To intrude into a computer “in real life”: this is the conceptual artistic intervention into which Richard Stallman has indulged himself last Monday, in the premises of Bull/Amesys in Tunis.
We have cooked up this little LULZ “happening” during a barbecue party, in the highlands of Sidi Bou Said – in a hackerspace -, and we have gone through with it the next day, at Bull’s headquarters in Tunis, where Stallman embodied Saint IGNUcius of the church of Emacs.
Bull is one of the biggest digital weapons dealers in the world; they provide global surveillance solutions and can intercept communications at country level.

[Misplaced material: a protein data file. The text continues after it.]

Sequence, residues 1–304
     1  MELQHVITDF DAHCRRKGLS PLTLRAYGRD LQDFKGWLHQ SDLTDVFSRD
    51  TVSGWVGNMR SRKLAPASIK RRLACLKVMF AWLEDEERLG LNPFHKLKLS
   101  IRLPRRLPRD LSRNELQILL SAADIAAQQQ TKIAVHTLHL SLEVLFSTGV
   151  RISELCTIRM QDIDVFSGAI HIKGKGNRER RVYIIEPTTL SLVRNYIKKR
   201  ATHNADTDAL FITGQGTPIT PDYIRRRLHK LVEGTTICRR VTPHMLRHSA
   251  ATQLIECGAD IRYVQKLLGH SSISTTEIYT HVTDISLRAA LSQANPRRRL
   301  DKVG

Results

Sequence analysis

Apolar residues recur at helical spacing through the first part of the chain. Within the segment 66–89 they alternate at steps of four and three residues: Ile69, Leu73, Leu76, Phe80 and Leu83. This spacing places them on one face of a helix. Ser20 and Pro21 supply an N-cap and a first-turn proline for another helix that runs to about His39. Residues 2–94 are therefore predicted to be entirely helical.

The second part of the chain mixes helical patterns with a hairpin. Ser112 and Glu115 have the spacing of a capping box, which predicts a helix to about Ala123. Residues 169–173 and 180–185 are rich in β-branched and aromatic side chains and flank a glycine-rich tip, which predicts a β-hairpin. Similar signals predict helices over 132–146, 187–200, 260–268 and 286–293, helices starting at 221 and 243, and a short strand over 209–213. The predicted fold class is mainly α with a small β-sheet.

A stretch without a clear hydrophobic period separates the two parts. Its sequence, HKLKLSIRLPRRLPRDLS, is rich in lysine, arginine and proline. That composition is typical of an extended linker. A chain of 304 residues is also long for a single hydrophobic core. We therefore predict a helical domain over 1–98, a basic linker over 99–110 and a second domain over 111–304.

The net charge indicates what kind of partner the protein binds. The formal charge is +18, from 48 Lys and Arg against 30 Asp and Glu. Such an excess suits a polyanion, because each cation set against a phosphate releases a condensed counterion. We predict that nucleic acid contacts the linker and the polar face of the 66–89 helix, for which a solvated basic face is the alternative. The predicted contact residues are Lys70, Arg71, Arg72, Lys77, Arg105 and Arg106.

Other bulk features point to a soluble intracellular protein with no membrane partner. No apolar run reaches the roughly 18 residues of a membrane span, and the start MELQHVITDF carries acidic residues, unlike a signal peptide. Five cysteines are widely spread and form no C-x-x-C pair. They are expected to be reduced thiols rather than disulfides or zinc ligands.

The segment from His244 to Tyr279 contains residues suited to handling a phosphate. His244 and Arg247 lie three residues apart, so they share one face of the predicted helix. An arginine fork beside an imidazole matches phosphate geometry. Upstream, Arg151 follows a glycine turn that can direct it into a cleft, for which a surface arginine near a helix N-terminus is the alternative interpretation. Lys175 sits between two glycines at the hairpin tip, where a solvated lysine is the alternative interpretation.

Politiacs got to know the company – largely owned by the French state – through the case of Takkiedine, and under the brand name Amesys, which appeared in an arms sale contract signed with Colonel Gaddafi. It also provides solutions to countries such as Qatar, Gabon, Morocco and France, among many others.
But Bull remains tight-lipped, and their competence field is far too technical for journalists who do not have a clue about these cutting-edge technologies, which were installed throughout Africa and the Middle East… and France.
Politicians remain tight-lipped too : in Tunisia, Morocco, France, and elsewhere, no one takes the floor when it comes to explaining the presence of such equipment on their territory, the way they intend to use it against their populations, what “respect of on-line human rights” can mean, or the digital society model they intend to impose on their citizens using these weapons.
In the face of this silence, we have decided to make hell to pay.
Translation by Elodie Chatelais